Dutch Yezidi hopes to become MP after elections
ERBIL (Kurdistan 24) – The Dutch Yezidi Wahhab Hassoo never expected to be invited to join the New Social Contract, run by Pieter Omtzigt, who is leading the polls for the elections. But now he has a chance of becoming an MP in the future Dutch parliament.
The Dutch parliamentary elections are scheduled to be held on Nov. 22, 2023. The Dutch MP Omzigt split from the Christian Democratic Appeal (CDA) in 2021, and created a new party a few months ago, with new faces, to run for the country’s general elections.
“I am running for the Dutch parliament, representing New Social Contract (NSC), because of the inhuman experiences my family and I have been through as Yezidis, driven by the desire to promote peace, reconciliation, and diversity,” he told Kurdistan 24 on Friday. “Our list number is 19, and I am in position 40," he added.
“After applying, I never expected to be invited, but I persevered and made it to the last round, eventually landing a spot on the list with 44 others out of around 2,400 candidates. My goal is to use my knowledge and experiences to understand the impact of hatred and exclusion and contribute to a fairer Netherlands, based on acceptance and equality for everyone.”
Hassoo says if he is elected to the Dutch parliament, “my foremost commitment is to represent everyone in the Netherlands.”
“Drawing from my experiences as a Yazidi survivor, I will actively advocate for the rights of minorities, including addressing issues of our people in the Middle East. I intend to shed light on these crucial matters, work towards policy reforms promoting equality, and foster mutual understanding among diverse communities.”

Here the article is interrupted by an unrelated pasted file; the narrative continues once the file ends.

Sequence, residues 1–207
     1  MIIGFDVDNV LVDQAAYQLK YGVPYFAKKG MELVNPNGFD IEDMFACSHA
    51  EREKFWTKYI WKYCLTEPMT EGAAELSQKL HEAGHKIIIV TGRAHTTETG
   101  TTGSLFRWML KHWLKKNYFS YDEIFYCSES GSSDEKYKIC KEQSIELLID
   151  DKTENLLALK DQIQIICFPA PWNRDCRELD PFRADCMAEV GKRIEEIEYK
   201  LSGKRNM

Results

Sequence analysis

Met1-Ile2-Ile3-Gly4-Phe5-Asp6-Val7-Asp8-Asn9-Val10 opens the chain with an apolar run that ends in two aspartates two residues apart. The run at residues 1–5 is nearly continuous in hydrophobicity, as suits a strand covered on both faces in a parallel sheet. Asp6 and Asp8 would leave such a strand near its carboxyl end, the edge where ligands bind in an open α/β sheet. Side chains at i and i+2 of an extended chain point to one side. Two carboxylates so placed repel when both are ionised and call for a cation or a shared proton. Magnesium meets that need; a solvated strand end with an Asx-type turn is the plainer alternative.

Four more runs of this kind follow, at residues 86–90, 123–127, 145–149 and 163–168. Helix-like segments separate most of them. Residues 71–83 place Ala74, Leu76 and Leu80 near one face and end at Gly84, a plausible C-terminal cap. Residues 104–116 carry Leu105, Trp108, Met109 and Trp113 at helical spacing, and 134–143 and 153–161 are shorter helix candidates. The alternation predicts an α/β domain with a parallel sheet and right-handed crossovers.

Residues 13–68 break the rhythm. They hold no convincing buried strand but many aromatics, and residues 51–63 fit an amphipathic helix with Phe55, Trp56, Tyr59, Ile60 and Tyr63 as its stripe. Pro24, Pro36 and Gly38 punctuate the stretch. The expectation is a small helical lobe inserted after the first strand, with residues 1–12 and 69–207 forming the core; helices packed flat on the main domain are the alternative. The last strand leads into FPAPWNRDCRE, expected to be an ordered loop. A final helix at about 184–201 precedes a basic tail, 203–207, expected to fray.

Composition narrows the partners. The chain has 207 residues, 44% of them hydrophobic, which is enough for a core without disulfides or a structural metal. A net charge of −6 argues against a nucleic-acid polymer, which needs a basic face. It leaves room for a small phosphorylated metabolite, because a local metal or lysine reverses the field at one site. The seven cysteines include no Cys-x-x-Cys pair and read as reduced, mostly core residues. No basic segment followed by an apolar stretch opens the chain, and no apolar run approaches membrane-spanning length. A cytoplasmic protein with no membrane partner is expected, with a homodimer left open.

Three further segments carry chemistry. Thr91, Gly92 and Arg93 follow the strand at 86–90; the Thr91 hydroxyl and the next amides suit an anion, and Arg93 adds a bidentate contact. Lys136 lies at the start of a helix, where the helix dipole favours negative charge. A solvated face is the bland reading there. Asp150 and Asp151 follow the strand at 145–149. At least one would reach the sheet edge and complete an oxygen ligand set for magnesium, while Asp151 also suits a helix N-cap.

Furthermore, he aspires to contribute to a more inclusive, accepting, and harmonious Dutch society, prioritizing peace, reconciliation, and diversity. “My dedication is to be a voice not only for my people but for everyone who is facing injustice, ensuring that principles of equality and acceptance prevail across the nation.”
Hasso has actively advocated for Yezidi victims of ISIS, while the focus in the Netherlands has predominantly centered on the repatriation of ISIS women and children. In October, he distanced himself from the Dutch Council for Refugees after revelations surfaced that a convicted ISIS woman was employed by the organization.
“The issue of the return of ISIS fighters poses a complex challenge for the Netherlands. In addressing this, the country should prioritize security measures to assess and manage potential risks posed by returning individuals,” he told Kurdistan 24.
“Simultaneously, a comprehensive approach involving legal processes, rehabilitation programs, and efforts to prevent radicalization should be implemented. Striking a balance between security concerns and addressing the underlying issues that lead to radicalization is essential for an effective and nuanced response.”
However, he said that victims of ISIS have been ignored by the Dutch government. “My aim is to give victims a voice, as it is also a responsibility aligned with democratic principles based on the rule of law. This is explicitly mentioned in our party program, also knowing that our party leader Omtzigt has been there for the victims of ISIS since August of 2014.”
Omtzigt has emphasized the importance of the International Criminal Court (ICC) investigating the genocide of the Yezidis. Additionally, he has authored multiple reports for the Parliamentary Assembly of the Council of Europe (PACE) on resolutions addressing genocidal acts committed by ISIS. Furthermore, he has in the past advocated for the Dutch recognition of the ethnic group’s genocide, which formally recognized it in 2021.
“Recognizing and addressing the needs and concerns of victims is crucial for a truly comprehensive and just democratic framework,” Hassoo concluded.